Rwanda: They took care of Brigitte when no one else did…
ICRC employee Jakob Larsen meets Charlotte, an HIV/AIDS educator trained by the ICRC to raise awareness of the virus among co-detainees in Rwanda.
The Ingando, a camp for released prisoners, is located in the buildings of a former secondary school in Kicukiro in one of the more rural parts of Kigali.
I arrive in the afternoon and the camp is filled with newly released prisoners taking a break from their duties. They are eating, washing their clothes, lingering outside, staring at the horizon. I’m here to meet one of the former detainees who was involved with health issues in prison, and in particular with raising awareness about HIV/AIDS. I want to find out what she learned and achieved in prison and to hear of her expectations and hopes for the future.
Charlotte is 39 years old. Her eyes are intense and she has a firm gaze. Her interest in medicine goes back to 1986 when she studied first aid. During the genocide and civil war, Charlotte fled to a refugee camp in Tanzania with her family. The massive suffering she witnessed there led her to start studying to become a peer educator with the ICRC.
In 1997, Charlotte returned to Rwanda and was imprisoned, charged with involvement in the genocide. While in Kigali Central prison, she played a key role in the facility's health programme.
She explains that in the years immediately after the genocide and civil war came to an end, the prisons were overcrowded and there was a massive lack of resources, space, clean water, food, sanitation, medicine and medical staff. In short, everthing was in short supply. The situation was disastrous.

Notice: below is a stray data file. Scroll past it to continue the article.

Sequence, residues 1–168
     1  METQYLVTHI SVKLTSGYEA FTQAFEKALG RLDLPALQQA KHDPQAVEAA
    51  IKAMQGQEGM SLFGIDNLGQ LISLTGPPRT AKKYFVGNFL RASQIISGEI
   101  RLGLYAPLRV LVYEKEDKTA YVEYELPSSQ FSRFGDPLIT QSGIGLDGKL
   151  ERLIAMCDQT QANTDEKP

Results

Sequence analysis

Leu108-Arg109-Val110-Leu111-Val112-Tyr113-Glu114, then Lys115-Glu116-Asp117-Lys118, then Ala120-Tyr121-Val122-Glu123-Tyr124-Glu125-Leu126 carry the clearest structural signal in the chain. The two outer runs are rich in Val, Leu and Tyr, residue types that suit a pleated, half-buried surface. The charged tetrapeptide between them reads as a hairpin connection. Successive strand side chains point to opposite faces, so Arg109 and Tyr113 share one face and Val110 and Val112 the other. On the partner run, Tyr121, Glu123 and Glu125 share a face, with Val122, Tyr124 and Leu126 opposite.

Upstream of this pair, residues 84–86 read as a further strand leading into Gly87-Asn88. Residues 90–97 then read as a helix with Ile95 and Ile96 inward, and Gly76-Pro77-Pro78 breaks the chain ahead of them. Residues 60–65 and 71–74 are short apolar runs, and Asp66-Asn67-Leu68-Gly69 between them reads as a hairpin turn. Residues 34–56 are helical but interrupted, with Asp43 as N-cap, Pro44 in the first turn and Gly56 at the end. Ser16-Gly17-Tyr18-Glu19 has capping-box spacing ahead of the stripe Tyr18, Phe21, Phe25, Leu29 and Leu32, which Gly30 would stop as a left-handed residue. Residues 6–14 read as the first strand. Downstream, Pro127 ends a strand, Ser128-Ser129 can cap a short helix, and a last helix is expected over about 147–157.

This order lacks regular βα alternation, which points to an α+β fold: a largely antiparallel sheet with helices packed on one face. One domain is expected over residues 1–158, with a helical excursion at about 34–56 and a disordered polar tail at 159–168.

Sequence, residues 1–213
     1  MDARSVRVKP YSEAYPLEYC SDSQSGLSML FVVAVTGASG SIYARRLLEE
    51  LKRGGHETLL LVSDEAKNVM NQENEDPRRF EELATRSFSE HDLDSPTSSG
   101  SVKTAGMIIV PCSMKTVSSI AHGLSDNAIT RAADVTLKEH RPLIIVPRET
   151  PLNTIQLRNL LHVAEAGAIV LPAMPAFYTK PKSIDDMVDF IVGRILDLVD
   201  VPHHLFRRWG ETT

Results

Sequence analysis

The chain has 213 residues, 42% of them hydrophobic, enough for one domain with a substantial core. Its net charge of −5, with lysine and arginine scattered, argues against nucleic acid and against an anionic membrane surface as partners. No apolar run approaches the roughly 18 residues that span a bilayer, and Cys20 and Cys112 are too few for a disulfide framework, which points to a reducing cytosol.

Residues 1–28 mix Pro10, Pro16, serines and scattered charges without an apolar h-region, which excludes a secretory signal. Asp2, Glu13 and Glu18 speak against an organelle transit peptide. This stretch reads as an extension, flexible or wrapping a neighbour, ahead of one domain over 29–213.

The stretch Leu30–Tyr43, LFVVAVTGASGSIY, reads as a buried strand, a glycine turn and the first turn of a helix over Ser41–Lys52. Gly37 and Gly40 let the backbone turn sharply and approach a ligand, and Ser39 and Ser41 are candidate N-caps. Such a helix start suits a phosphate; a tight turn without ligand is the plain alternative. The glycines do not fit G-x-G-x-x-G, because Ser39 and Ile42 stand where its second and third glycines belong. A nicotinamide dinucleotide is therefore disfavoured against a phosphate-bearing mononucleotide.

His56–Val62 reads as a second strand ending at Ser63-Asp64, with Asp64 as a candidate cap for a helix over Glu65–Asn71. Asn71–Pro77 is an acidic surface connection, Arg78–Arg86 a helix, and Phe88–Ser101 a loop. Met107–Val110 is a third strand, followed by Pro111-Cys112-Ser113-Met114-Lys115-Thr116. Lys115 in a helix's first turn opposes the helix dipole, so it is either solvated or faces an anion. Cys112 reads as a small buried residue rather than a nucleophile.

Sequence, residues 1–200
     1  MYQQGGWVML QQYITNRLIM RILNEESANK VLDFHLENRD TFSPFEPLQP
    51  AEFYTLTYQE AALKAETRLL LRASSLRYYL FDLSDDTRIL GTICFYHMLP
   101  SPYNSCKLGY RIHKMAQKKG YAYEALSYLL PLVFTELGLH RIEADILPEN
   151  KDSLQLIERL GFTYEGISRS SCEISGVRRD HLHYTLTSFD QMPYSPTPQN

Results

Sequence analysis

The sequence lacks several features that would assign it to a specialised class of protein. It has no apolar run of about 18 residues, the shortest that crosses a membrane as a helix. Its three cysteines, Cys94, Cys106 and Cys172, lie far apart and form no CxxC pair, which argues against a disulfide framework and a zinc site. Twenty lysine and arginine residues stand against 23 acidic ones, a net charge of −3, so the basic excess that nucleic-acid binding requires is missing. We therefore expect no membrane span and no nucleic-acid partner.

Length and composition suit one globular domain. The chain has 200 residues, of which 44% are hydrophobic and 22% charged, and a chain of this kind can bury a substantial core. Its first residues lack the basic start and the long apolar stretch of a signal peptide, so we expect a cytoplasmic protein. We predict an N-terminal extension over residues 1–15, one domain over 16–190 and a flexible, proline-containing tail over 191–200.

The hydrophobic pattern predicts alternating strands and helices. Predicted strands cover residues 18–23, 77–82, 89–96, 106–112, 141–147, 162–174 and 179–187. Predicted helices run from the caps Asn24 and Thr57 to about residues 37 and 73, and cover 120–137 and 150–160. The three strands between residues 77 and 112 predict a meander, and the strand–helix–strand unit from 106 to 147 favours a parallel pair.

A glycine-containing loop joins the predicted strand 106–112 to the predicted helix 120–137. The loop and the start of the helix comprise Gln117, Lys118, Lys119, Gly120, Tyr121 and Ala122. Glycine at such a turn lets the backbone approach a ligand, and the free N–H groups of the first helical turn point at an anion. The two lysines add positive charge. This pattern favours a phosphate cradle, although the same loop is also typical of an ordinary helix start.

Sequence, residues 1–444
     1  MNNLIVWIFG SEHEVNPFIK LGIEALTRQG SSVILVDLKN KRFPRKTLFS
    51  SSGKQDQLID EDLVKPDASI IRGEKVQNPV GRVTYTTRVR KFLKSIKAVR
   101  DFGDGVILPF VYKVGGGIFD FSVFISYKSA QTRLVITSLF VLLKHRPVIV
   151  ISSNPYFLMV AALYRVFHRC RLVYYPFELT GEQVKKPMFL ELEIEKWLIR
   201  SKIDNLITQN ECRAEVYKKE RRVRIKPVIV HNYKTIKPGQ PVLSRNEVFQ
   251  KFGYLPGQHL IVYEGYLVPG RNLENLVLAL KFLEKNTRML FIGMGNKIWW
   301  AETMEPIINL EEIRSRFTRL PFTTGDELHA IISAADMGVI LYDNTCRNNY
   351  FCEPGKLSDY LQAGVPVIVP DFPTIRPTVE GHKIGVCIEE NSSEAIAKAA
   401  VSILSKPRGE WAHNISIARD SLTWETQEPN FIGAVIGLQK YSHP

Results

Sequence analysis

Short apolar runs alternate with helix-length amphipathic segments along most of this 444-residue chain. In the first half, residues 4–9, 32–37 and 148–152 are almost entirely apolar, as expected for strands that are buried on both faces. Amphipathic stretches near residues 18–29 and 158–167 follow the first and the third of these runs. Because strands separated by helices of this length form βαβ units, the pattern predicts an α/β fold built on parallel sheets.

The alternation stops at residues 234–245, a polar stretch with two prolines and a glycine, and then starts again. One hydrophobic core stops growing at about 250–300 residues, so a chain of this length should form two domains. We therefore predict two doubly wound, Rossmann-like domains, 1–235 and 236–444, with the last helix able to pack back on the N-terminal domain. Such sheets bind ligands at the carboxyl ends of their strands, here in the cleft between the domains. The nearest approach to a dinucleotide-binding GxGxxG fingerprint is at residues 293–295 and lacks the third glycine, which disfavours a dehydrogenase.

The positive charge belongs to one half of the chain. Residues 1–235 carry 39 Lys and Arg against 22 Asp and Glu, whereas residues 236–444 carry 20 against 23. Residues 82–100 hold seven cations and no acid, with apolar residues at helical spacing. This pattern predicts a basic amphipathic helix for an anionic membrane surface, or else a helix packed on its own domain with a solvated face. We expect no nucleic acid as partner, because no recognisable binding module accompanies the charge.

The ICRC launched a massive assistance programme and trained a great number of detainees to work as peer educators on health issues. Their primary responsibilities were to teach their fellow prisoners about health, first aid, and the prevention of diseases – especially sexually transmitted diseases.
Charlotte's work included the setting up of an anti-AIDS club that carried out voluntary counselling and testing and organized lessons on the prevention of HIV/AIDS and other sexually transmitted diseases.
" You will not spend the whole of your life in prison. The time will come when you will get out of jail and rejoin your family. When you get out you will be able to give your children lessons about AIDS, its prevention and transmission. And if you’re a woman, you will know that you have to ask your husband to get tested for AIDS.”
But not everybody lives long enough to get that far. Charlotte remembers Brigitte, who was already HIV positive when she was put in jail.
”She was imprisoned for a common crime, she was not guilty of genocide. "
While in prison, Brigitte reached the final phase of AIDS and became critically ill. She had suffered for so long, explains Charlotte, that she had bedsores and her bones pr otruded from her body.
" The medical staff wouldn't take her to hospital because they said she would soon be dead. They put her in a dark room to die. The peer educators tried to look after her when no one else would, taking care to visit her every day. This made a great impression on me. "
Now Charlotte is in the Ingando and soon she will be released and rejoin her family. She has lost her property, and will have to start from the beginning again after eight years in jail. All the same, she will exploit her skills as a teacher and nurse and feels committed to serve the community as a peer educator.
As for her return, she is convinced that she will be received well by her neighbours in the village. She’s already there in her mind: a woman smaller than most but with a firm gaze and a low, soft voice.